There are various angles to take with Texas Tech basketball this season. The Red Raiders have a chance at the program’s first national title with a win over Virginia Monday night in Minneapolis (9:20 p.m. EST, CBS). In fact, it’s the school’s first Final Four, as well.
There’s also the fact that Chris Beard’s defense is historically good, ranking No. 1 per Ken Pomeroy with the best efficiency rating in the algorithm’s history since 2002.
What’s less talked about is that Jarrett Culver will (barring something unexpected) be the program’s first 1st NBA round pick since Tony Battie in the late 90s. The 6-foot-5 guard racks up 18.6 points per game to lead the Red Raiders, while also possessing the length to disrupt on defense.
Could somebody else, perhaps Tariq Owens or Matt Mooney, join Culver in this summer’s NBA Draft? Let’s take a look after detailing where Culver stands.
Jarrett Culver NBA Draft Projections & Mocks
Most mock drafts have him going at the very top of the first round. Our own mock draft by Jonathan Adams has Culver pegged as the 4th overall pick to the Hawks. NBA Draft Net also has him also going 4th to the Hawks, both major improvements from his previous standing.
ESPN also still has Culver going off the board at 7th, saying he has a high floor.
Excellent size for a guard prospect with a solid 6-9 wingspan. Strong legs. Greatly improved frame. Solid straight-line athlete who can play above the rim in space. Uses his size to score over smaller guards in the post.
– Improved on-ball creator. Playing a lot of point guard as a sophomore. Capable ball-handler who can navigate pick-and-rolls and make basic reads.
– Plus defender who can check up to three positions at the NBA level. Sound technique. Great feet. Competitive rebounder. High-intangible prospect who has been extremely productive as a 19-year-old. High floor in the Josh Hart mold.
With that out of the way, let’s look into the other Red Raiders.
Tariq Owens NBA Draft Projections & Mocks
Owens has bounced around in his college career, first playing at Tennessee before transferring to St. John’s for two seasons (plus a redshirt). After missing out on the tournament both times, he made a move to Lubbock, which has seen a dramatic boost to his stock.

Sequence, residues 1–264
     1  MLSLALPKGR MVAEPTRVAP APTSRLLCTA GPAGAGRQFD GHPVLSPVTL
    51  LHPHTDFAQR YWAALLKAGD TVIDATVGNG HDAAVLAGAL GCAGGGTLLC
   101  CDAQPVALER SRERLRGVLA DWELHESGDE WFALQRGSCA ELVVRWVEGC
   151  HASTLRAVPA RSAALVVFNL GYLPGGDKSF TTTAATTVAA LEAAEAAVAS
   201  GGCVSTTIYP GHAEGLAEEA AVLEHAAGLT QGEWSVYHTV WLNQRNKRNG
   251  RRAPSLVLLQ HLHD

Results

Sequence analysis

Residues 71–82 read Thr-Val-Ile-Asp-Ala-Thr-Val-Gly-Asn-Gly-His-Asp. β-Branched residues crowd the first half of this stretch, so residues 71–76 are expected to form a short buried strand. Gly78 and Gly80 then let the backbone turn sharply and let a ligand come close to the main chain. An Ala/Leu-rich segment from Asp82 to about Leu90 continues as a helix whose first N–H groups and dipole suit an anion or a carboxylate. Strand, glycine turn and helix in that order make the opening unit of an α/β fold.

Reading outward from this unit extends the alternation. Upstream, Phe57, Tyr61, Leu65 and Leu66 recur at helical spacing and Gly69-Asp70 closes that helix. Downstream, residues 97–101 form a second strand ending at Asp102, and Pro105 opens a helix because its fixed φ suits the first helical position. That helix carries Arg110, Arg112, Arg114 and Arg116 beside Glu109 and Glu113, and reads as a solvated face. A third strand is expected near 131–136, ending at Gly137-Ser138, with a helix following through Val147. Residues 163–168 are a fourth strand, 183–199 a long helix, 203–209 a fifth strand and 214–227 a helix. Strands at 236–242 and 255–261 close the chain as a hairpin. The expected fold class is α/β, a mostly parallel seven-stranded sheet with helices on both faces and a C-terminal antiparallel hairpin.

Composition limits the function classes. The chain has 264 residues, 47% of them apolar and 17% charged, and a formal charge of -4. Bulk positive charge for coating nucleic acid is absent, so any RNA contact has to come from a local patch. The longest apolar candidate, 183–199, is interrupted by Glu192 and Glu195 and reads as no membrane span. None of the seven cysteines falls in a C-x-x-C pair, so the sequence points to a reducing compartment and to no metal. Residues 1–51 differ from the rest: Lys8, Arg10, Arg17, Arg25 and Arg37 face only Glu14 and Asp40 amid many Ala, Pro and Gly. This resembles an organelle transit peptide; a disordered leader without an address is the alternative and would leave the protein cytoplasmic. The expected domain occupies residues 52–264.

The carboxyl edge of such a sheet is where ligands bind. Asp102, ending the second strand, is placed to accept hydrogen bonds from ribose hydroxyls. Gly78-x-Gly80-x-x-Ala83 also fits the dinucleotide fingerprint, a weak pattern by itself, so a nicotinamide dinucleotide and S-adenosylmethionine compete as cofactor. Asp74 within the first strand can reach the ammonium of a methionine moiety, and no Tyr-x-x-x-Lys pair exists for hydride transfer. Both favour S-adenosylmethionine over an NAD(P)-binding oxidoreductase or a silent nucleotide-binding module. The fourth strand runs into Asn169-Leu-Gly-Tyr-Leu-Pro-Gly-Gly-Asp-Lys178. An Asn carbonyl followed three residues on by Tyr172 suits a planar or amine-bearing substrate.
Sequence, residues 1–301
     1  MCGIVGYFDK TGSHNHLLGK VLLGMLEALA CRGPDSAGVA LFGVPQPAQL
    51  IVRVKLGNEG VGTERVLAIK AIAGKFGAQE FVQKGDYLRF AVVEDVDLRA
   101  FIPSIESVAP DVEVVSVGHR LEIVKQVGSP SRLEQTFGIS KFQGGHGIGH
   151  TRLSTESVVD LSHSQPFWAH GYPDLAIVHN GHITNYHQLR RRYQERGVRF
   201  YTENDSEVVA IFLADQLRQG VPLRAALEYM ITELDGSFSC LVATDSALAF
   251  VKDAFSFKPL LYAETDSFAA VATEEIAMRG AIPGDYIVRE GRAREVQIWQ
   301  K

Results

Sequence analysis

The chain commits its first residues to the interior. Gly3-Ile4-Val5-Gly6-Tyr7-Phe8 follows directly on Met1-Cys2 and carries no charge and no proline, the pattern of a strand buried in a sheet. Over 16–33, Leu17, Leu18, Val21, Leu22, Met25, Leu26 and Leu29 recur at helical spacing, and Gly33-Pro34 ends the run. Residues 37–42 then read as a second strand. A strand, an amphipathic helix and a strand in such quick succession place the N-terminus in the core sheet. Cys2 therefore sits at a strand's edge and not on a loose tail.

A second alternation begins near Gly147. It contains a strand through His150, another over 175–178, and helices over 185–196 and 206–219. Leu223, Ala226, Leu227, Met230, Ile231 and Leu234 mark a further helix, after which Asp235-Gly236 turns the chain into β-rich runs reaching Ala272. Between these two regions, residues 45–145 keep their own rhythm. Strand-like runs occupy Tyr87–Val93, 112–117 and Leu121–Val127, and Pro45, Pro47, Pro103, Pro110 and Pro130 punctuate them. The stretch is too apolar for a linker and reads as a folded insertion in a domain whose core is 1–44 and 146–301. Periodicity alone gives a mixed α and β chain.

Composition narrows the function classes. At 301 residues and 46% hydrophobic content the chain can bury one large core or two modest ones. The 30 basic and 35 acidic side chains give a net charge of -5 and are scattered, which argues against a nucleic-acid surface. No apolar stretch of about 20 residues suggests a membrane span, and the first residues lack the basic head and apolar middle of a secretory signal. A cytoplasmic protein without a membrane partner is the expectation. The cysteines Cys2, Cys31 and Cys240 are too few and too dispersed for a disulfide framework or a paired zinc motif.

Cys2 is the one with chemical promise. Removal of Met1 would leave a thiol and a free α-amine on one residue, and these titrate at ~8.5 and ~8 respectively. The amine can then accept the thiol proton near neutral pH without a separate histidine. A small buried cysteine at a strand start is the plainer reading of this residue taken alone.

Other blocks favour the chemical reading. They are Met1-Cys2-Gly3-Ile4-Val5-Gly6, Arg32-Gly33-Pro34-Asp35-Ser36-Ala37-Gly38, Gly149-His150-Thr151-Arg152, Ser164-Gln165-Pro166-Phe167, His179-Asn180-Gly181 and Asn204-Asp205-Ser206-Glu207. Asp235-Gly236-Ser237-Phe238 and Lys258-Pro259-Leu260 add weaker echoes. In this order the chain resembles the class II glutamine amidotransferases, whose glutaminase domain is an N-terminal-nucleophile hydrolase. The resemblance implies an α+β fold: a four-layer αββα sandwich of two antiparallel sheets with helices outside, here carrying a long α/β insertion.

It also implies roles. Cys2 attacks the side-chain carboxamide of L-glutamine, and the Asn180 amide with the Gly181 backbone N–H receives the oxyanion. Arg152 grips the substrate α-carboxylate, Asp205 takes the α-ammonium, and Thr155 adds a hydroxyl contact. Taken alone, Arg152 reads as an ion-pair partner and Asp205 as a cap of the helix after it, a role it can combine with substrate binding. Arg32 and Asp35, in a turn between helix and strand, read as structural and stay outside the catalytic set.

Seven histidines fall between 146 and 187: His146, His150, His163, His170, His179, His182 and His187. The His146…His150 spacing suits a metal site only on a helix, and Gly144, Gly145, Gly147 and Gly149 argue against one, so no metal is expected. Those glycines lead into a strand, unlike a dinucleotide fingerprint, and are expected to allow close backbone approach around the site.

While only averaging 8.8 points and 5.8 rebounds a game, his 2.5 blocks rank amongst the best in the nation. In the tournament alone, he’s swatted 13 shots, including 3 against Michigan State in the national semifinal.
This is likely enough to earn him an NBA Summer League look or at the very least a G-League spot. The problem is that his offense is limited to finishing dunks and second-chance points, which is not enough at the next level.
When looking at Hoops Hype, which aggregates 5 of the more prominent mock drafts, he doesn’t appear on any of them. That likely means he’ll be working his way from the undrafted ranks.
Matt Mooney NBA Draft Projections & Mocks
Mooney lit it up in the Final Four against the Spartans, notching 22 points to lead all scorers. However, as our own Derek Helling points out, he is absent on mock drafts.
Neither CBS, NBADraft.net nor The Ringer has Mooney listed on their mock latest mock drafts. The ceiling for Mooney’s NBA draft potential seems to be the late second round, though it’s definitely a possibility that he could land on a summer roster somewhere.
He scores 11.3 points a game while shooting just under 39% on triples. This is solid production, and he also possesses decent size at 6-foot-3, 200 pounds. He also impressively shut down first-team All-American guard Cassius Winston to 16 points on 16 shots this past weekend.
The problem comes with ball-handling, as he coughs up 2.5 turnovers a game versus 3.2 assists. That type of ratio is unacceptable if you’re only scoring in the low double-digits.
Mooney is a decent player that could do well in Europe or the G-League, but he has a long way to go to hack it in the NBA. Seeing as Texas Tech was underestimated by everyone this year, he will probably read this quote and go on to multiple All-Star games.